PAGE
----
The launch of Chandrayaan-1 two years ago marked a new dawn for India, which showcased the country's technological prowess at its best.
Two years ago, India's destination moon began on a wet windy morning from an island on the coast of the Bay of Bengal. As most of India slept, on rainy October 22 when the sun had barely peeped out of an ominous cloud band, a 300-tonne monster belching fire and thunder leapt up from the coast. It was literally a new dawn for India, showcasing the country's technological prowess at its best. It was with nervous energy that I watched India's coming out party, one may suggest, in launching its maiden mission to the moon.
It was a dramatic moon rise for a country where over a billion hearts were beating in anticipation of the success of its maiden mission to the moon. The successful takeoff from the Satish Dhawan Space Centre (SDCS), Sriharikota, at 6.22 a.m. on October 22, 2008, was a spectacular, copybook launch for Chandrayaan-1 and one that catapulted India into a small clutch of powerful, space-faring giants across the world. Calling it a historic moment achieved against tremendous odds, G. Madhavan Nair, then Chairman of the Indian Space Research Organisation (ISRO), said: “Today what we have charted is a remarkable journey for an Indian spacecraft to go to the moon and try to unravel the mysteries of the Earth's closest celestial body and its only natural satellite.”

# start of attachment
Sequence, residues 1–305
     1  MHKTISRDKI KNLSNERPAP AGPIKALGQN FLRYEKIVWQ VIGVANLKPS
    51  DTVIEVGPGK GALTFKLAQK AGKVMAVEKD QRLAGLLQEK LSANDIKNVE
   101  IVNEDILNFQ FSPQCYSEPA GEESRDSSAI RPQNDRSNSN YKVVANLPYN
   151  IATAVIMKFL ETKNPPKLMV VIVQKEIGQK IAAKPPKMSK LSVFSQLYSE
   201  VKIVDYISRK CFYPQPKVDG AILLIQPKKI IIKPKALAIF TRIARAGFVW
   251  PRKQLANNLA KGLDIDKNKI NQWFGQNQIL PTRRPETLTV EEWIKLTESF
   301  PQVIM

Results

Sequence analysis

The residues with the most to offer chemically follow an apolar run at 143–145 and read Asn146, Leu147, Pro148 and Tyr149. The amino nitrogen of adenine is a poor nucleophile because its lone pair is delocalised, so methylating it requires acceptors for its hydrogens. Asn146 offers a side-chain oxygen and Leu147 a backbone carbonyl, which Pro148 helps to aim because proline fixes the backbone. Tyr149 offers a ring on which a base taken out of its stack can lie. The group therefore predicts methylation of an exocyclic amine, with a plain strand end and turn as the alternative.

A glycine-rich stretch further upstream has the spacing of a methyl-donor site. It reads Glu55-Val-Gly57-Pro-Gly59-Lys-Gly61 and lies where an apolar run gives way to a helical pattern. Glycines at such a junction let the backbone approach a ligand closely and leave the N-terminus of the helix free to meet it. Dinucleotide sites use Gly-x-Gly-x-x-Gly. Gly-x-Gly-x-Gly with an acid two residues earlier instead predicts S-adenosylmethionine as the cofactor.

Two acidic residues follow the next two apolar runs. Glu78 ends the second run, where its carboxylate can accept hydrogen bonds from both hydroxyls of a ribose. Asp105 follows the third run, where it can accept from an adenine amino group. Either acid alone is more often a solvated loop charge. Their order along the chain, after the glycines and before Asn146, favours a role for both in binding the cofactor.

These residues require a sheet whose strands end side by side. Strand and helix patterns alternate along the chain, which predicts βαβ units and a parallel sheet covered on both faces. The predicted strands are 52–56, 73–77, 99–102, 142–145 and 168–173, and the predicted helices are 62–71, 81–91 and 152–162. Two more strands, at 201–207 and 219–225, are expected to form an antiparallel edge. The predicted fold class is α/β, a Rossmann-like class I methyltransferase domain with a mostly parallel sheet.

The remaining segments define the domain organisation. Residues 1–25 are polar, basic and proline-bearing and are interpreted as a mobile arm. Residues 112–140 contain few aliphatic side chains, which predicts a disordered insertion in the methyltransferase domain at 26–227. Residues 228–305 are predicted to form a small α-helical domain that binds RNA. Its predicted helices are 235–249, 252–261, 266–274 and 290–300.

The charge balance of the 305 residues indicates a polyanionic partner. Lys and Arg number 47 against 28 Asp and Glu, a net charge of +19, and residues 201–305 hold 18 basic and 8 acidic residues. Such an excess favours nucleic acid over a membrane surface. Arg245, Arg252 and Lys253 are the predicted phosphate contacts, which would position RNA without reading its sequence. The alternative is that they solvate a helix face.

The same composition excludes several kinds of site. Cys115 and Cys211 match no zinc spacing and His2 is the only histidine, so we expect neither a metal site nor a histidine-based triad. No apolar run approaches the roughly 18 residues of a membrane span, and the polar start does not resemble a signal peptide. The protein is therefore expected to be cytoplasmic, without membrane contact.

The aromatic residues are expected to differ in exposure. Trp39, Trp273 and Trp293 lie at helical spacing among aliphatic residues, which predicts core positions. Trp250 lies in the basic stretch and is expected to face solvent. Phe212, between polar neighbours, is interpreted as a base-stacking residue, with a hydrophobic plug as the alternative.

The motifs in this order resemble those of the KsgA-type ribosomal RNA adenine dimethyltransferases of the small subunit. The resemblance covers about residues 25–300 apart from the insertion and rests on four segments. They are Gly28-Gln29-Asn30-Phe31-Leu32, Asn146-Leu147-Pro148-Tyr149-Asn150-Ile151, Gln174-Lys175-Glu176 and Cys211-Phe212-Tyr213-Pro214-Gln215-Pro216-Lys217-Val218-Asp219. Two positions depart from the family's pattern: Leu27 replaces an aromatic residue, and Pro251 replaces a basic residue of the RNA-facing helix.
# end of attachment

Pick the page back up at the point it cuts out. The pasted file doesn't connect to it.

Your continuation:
A remarkable journey had undoubtedly begun. The success of the launch finally allayed concerns at lightning that was occurring in the atmosphere due to rain and stormy weather; also a fuel leak in the launch pad caused some worry.
Almost a year after its launch, the first-ever evidence of water on the moon made worldwide news. Space science experts from NASA and India said “the moon is not bone dry” and the real impact of this discovery is only beginning to hit us. Led by Carle Pieters, Professor of Geological Sciences at Brown University, Rhode Island, U.S., who was also principal investigator of the Moon Minerology Mapper (M3) on board Chandrayaan-1, the team published what is now termed a game-changer discovery — of these “distinct signatures of water on the moon.” The Indo-American team discovered water on the moon as a thin, invisible film covering on what we for half-a-century thought was a parched, waterless pock-marked moonscape.
When Chandrayaan-1 was aborted 10 months after launch, a year and more before originally planned, there was intense scientific debate on whether the mission had succeeded or failed. The finding of water has changed the flavour and direction of that debate forever. Mr. Nair emphatically stated, when quizzed about the mission's premature end, that it was a success because the mission had achieved 95 per cent of its original goals before the official termination. Nearing the second anniversary of the historic launch, a high-power review committee set up by Prime Minister Manmohan Singh has concluded that “the scientific experiments could only cover 70 per cent of the moon.” The panel also revealed, for the first time, that it was a tiny 110-gram part that cost merely $5000 which brought down the $100-million mission. As one ISRO engineer remarked, “it was an ant that killed the elephant.”